Descartes was the first philosopher to address the problem of mind from within the new mechanistic worldview, which would later be developed by Newton as the foundation of classical science. This mechanistic view poses an intrinsic problem since it does not seem to leave any space for mental phenomena. Descartes solved this problem by proposing two independent realms: mind and matter. While matter follows the laws of mechanics, mind has a logic of its own that cannot be reduced to mechanical principles. This philosophy is known as dualism. It is mostly outdated, although some philosophers and even brain scientists still hold on to it.
The assumptions of dualism are simple. Outside, we are surrounded by material reality. This consists of hard, indivisible particles or pieces of matter, which obey the deterministic, mechanical laws of nature. Such determinism leaves no place for free will, intention or agency: since all material events are already fully determined by the laws of nature, there is no freedom to intervene or change the course of events. The atomic structure of matter leaves no place for thoughts, feelings, consciousness, purpose, or other mental phenomena. Therefore, we need to assume that there exists another reality inside: the mind, which reflects about external reality as perceived through the senses. Descartes conceived this mind as an immaterial soul, having a free will. To explain how this mind could still affect the body, which obviously is made out of matter, he assumed that the mind communicates with the body through the pineal gland, a small organ in the brain stem.
While simple and intuitive, dualism creates a number of fundamental problems. First, adding the independent category of mind to the one of matter obviously makes things more complicated. More fundamentally, as pointed out by the 20th century philosopher Gilbert Ryle, Descartes' mind functions like a “ghost in the machine” (similar to the Deus ex Machina that suddenly drops from the sky to solve all problems when the plot in a novel or play has become too complicated). The body behaves like a mechanical, deterministic machine. Yet, it is inhabited by some spooky “ghost” that pulls the strings, and that performs all the tricks that are too complicated for us to understand mechanically. Indeed, we have no scientific theory of mind as a separate category, unlike our very reliable and precise theories of matter.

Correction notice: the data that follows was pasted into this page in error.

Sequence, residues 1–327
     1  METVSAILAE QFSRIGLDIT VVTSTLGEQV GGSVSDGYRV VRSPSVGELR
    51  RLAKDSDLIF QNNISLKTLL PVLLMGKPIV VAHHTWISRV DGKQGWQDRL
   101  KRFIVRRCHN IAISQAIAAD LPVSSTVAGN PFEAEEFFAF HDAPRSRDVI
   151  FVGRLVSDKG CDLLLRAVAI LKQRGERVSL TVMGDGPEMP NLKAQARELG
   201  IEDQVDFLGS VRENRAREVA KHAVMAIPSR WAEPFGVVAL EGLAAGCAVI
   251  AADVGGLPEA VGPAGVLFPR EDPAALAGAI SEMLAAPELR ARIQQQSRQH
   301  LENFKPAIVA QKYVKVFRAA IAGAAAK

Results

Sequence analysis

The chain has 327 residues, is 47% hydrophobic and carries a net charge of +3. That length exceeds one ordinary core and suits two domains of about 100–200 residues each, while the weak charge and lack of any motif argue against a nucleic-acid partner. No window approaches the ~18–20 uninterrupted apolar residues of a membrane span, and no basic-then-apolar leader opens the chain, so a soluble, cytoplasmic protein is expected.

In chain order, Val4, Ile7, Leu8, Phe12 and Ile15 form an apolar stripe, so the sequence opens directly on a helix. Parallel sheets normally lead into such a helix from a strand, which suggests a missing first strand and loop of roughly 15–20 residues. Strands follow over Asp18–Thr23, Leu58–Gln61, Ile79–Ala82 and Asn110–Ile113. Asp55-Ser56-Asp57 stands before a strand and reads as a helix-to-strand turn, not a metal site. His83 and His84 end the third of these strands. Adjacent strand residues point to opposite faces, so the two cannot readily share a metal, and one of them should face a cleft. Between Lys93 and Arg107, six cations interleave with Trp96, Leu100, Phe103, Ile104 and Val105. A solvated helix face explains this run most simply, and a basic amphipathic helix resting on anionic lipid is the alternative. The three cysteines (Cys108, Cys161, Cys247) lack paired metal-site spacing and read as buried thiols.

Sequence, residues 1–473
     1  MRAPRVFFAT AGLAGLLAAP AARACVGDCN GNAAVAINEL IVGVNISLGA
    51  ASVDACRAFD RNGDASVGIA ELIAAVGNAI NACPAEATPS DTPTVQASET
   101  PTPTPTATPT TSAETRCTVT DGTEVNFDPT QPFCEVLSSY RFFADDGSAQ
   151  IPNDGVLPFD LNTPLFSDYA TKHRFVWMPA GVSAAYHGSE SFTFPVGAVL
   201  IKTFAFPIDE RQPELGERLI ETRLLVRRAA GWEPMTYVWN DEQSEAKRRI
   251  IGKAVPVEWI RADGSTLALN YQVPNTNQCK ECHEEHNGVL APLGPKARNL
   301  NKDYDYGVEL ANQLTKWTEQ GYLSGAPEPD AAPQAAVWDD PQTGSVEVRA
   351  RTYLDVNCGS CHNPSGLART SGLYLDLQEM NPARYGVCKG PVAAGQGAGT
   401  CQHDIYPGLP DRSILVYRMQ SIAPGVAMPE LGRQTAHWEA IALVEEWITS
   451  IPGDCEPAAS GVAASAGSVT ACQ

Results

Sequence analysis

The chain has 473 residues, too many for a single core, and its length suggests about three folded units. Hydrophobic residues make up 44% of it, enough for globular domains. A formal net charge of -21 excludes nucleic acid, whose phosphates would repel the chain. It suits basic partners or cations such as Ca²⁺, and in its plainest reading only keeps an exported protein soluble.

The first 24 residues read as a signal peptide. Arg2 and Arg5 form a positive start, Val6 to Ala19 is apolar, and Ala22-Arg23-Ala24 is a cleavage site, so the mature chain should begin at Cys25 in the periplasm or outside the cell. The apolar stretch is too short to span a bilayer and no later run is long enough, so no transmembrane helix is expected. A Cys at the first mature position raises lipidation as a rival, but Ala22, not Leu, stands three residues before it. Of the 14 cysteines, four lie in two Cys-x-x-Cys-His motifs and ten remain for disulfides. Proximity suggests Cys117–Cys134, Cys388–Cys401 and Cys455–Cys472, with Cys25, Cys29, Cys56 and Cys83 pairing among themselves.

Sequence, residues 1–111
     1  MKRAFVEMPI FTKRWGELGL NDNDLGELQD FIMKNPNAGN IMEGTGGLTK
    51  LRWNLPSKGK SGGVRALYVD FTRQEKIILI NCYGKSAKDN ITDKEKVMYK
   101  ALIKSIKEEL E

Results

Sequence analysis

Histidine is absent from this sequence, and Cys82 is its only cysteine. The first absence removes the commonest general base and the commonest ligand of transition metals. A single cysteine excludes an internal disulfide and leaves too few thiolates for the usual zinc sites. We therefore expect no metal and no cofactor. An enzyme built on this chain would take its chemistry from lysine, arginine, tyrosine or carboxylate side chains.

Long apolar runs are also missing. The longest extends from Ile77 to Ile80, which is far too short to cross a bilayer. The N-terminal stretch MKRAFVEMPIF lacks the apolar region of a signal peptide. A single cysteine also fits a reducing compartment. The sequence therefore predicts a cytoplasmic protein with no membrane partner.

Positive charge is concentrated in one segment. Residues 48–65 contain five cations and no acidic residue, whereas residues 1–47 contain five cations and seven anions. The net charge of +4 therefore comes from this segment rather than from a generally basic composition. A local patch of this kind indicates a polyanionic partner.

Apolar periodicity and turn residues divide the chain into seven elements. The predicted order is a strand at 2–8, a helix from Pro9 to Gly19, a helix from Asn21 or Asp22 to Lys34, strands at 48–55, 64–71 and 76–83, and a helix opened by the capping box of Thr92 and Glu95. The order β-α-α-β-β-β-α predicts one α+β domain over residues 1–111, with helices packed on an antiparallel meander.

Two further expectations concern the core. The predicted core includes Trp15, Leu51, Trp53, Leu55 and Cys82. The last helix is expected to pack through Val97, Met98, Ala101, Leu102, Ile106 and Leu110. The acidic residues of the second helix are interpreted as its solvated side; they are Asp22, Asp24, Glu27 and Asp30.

Finally, if mind can affect matter beyond what matter would already do on its own, then it must contravene the deterministic laws of mechanics, implying that these otherwise very reliable laws cannot be trusted. In spite of these shortcomings, Descartes' dualist philosophy remains simple and intuitively attractive. It is still (implicitly) used nowadays by scientists and lay-people, albeit most often in a “materialist” version where the mind is replaced by a hypothetical homunculus